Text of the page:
13. Adducted thumb syndrome recessive form
    Adducted thumb syndrome recessive form, also known as Christian syndrome or Craniostenosis arthrogryposis cleft palate, is a rare disease that affects multiple systems which causes malformations of the palate, thumbs, and upper limbs. [read more]

  14. Adenitis, Mesenteric
    Mesenteric adenitis is characterized as an inflammation of the mesenteric lymph nodes found in the abdomen. If the inflammation is found in the right lower quadrant, most people would mistake it as appendicitis but is often preceded by sore throat. [read more]

  15. Adenocarcinoma of the lung
    Adenocarcinoma of the lung (or lung cancer) is the leading cause of cancer deaths in both women and men in the United States and throughout the world. Lung cancer has beaten breast cancer as the leading cause of cancer deaths in women. In 2007, 160,390 people were projected to die from lung cancer in the United States, which is more than the number of deaths from colorectal, breast, and prostate cancer combined. Only about 2% of those diagnosed with lung cancer that has spread to other areas of the body are living five years after the diagnosis, although the survival rates for lung cancers diagnosed at a very early stage are higher, with approximately 49% surviving for five years or longer. Cancer arises when normal cells undergo a transformation that causes them to grow and multiply without the normal controls. The cells form a mass or tumor that varies from the surrounding tissues from which it arises. Tumors are dangerous because they take nutrients, oxygen, and space from healthy cells. [read more]

  16. Adenoid cystic carcinoma
    Adenoid cystic carcinoma (ACC) is an uncommon form of malignant neoplasm that develops within secretory glands, most commonly the major and minor salivary glands of the head and neck. Other sites of origin include the trachea, lacrimal gland, skin, breast, and vulva. This neoplasm is defined by its characteristic histologic appearance. Adenoid cystic cancer (AdCC) is a very rare type of cancer that can develop in many different body sites. It most often arises in the areas of the head and neck, in particular the salivary glands; but has also been reported in the breast, lacrimal gland of the eye, lung, brain, bartholin gland, and the trachea. It is sometimes known as adenocyst, adenocystic, malignant cylindroma, adenoidcystic, ACC, AdCC. [read more]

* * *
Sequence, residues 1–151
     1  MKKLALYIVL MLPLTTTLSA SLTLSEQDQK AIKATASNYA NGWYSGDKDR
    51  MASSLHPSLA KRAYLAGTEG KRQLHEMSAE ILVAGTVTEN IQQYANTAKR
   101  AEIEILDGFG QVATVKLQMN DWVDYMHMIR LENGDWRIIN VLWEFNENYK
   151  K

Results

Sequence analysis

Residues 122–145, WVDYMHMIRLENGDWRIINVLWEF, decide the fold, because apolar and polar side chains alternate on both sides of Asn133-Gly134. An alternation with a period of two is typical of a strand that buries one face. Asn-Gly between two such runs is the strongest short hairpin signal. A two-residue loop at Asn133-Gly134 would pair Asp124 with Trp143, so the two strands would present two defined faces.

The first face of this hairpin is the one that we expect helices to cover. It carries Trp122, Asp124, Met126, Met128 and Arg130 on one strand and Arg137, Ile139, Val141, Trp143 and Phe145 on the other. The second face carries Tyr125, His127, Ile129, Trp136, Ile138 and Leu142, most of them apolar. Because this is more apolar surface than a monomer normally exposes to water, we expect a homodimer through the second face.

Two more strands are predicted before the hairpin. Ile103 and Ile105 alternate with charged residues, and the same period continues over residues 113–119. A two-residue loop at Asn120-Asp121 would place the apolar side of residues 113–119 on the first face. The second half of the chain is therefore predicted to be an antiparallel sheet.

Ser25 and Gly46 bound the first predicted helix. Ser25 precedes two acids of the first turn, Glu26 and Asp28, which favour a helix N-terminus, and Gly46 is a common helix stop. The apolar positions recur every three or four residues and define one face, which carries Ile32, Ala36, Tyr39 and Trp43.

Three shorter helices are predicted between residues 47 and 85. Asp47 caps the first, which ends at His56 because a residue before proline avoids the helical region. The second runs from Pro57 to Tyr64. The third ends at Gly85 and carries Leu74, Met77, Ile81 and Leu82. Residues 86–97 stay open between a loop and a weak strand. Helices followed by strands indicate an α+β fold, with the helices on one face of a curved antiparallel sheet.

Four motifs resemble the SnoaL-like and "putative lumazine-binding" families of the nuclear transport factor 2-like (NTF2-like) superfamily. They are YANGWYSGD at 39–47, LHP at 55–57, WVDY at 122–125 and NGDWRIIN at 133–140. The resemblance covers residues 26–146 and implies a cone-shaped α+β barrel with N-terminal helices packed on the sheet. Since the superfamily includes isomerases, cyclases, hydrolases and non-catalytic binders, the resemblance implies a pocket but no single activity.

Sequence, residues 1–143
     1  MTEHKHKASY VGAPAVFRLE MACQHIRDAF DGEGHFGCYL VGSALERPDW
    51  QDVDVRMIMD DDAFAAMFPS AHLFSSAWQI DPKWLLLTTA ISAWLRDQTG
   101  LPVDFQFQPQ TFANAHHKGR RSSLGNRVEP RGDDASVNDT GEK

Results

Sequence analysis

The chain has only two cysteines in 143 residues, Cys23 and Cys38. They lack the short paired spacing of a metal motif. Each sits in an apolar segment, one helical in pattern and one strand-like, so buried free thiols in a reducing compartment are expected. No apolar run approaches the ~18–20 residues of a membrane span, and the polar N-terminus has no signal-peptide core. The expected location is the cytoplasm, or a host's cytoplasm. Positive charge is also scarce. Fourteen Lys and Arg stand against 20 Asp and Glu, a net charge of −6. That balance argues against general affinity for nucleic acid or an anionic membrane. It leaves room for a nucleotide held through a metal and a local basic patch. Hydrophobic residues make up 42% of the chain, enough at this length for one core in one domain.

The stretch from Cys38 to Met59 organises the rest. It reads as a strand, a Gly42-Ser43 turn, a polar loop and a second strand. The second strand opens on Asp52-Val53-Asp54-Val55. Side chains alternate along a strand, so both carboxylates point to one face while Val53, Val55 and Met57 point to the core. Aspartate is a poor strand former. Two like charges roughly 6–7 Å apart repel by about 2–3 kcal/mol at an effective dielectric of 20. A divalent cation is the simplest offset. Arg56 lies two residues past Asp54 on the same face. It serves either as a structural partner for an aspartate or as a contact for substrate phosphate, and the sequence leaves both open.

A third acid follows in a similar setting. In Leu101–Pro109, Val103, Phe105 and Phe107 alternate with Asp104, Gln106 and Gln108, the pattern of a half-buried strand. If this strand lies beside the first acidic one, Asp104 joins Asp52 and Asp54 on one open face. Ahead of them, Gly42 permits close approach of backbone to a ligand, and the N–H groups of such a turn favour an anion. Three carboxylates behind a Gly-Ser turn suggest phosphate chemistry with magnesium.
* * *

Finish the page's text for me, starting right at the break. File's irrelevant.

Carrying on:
17. Adenoma
    Adenoma is characterized as a collection ogu growth that is glandular in origin. Adenomas usually grow in major body organs such as the adrenal, pituitary, thyroid and colon. These growths are usually benign in nature but can progress into malignant over. While it can be ntbenign, it can also present some potentially serious complications by mass effect and production of large volumes of hormones. [read more]

  18. Adenoma of the adrenal gland
    Adrenal adenomas are categorized as benign or a non-cancerous form of tumour of the adrenal gland. It can arise from the gland's outer layer or what is known as as the adrebal cortez. Ig the adenoma produces hormones, it is considered as a functioning adenoma and non-functioning for adenomas that do not produce hormones. [read more]

  19. Adenomyosis
    Adenomyosis is more popularly known as amenorrhea, and is characterized as a serious health complication among women that consist of the detection of an ectopic endometrial tissue, which normally lines the uterus, are found to extend into the muscular and fibrous tissue of the uterus.There are two known types of adenomyosis–primary and secondary. This disorder may coexist along with external endometriosis. [read more]

  20. Adenosine Deaminase Deficiency
    Adenosine Deaminase Deficiency (ADA) is a highly rare genetic disorder and is categorized as a form of severe combined immunodeficiency that largely affects body's immune system. To date, there are only about a dozen documented cases of ADA deficiency. This genetic disease is known to be quite fatal, and often lead to death if afflicted patients do not seek treatment. People who have this disease usually lead a sheltered life and live in enclosed environment to prevent exposure to infectious agents. [read more]



Pages: 1, 2, 3, 4, 5, 6, 7, 8, 9, 10, 11, 12, 13, 14, 15, 16, 17, 18, 19

Most Viewed Pages



Recent Searches



Our Visitors Ask About



Medical News